Oil & Gas  

Fertilizer Plant Explosion After Lying to the EPA

Following the deadly explosion at the West Fertilizer Co plant in Texas, reports surface that the company told the EPA there was 'no' risk
 West Fertilizer Co to be fined for safety violations


Following the massive explosion at the West Fertilizer Co plant in Texas, killing up to 15 people and injuring over 160 Wednesday, the Environmental Protection Agency discovers that the company had lied about the presence of such risks.

In an emergency planning report to the EPA and local authorities, the company wrote that there was “no” risk of fire or explosion, indicating that the 54,000 pounds of anhydrous ammonia on hand but nothing dangerous enough to cause a devastating incident.

In 2006, the company also failed to get or qualify for a permit, according to the Associated Press. Complaints of the smell of ammonia also led to investigations under the Texas Commission on Environmental Quality in the same year when the company failed to provide an adequate risk management plan to the EPA.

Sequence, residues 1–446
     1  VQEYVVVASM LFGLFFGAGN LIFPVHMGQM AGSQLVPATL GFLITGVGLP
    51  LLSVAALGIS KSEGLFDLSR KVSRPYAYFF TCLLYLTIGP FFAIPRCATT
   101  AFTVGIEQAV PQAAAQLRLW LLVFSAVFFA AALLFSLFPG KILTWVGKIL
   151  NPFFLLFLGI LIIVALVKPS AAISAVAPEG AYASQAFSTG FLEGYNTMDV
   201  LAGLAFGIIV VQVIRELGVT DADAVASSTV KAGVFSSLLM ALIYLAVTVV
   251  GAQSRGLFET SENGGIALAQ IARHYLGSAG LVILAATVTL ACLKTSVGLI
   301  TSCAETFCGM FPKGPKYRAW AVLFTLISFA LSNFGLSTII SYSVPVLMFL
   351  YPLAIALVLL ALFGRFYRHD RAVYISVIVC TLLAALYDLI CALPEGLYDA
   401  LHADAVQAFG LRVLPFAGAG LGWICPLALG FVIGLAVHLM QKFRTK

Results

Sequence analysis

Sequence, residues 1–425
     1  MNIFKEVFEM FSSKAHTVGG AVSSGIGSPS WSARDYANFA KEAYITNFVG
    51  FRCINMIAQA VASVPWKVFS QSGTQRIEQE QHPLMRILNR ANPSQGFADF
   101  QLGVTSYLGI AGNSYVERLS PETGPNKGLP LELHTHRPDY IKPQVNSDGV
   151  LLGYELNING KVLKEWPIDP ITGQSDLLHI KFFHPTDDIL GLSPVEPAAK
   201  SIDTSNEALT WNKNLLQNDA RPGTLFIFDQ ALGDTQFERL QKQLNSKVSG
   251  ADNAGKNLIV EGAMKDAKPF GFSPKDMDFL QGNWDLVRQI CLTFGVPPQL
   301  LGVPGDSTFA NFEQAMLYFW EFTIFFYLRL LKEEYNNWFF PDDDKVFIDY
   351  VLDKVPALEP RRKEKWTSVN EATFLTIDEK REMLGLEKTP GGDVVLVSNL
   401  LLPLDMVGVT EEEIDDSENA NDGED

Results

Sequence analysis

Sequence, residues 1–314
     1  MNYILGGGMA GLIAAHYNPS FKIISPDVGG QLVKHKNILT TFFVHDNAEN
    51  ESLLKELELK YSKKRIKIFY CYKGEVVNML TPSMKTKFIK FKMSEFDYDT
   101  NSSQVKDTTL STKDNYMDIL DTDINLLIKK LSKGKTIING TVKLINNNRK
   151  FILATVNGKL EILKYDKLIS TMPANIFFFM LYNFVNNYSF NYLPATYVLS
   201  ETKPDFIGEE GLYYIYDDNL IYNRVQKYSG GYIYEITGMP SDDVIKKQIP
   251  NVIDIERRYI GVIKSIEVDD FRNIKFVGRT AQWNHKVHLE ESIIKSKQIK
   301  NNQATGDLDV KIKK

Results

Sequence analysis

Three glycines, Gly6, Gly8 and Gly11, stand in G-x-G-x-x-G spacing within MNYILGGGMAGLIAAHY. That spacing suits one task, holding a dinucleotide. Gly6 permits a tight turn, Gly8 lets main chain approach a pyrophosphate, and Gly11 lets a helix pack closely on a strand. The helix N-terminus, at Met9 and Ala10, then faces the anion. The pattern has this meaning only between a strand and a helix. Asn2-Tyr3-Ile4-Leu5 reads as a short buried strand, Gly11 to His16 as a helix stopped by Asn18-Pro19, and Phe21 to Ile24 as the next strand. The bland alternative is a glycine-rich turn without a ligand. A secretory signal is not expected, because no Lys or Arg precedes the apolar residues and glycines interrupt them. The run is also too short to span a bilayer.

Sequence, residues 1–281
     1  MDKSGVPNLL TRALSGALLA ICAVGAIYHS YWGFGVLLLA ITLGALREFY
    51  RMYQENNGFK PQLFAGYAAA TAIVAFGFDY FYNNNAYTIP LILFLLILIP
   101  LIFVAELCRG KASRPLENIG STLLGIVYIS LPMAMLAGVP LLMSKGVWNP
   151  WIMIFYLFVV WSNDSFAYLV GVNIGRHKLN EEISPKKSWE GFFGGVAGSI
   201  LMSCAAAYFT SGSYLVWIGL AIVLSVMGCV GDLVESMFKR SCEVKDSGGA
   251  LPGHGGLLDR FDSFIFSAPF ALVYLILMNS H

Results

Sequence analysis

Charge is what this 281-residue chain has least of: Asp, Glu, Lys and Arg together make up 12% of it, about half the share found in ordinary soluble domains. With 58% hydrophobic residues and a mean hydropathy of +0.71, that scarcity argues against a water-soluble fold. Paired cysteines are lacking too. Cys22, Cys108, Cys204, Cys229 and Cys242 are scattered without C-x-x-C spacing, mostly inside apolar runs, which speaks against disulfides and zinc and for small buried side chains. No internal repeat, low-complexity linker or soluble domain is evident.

Seeing that the $10 billion industry continues to grow, the risk factors involved, though uncommon, will become of increasing importance. Because a lot of fertilizer is made with natural gas, the fertilizer market will especially be growing in the US, where fracking activity is seeing a boom period.

At this point, it appears the Texas plant explosion was not the result of criminal activity, but “we're not ruling that out,” Seargeant W. Patrick Swanton of the Waco Police said in a press conference Thursday morning.

Read More in Energy Digital's April Issue




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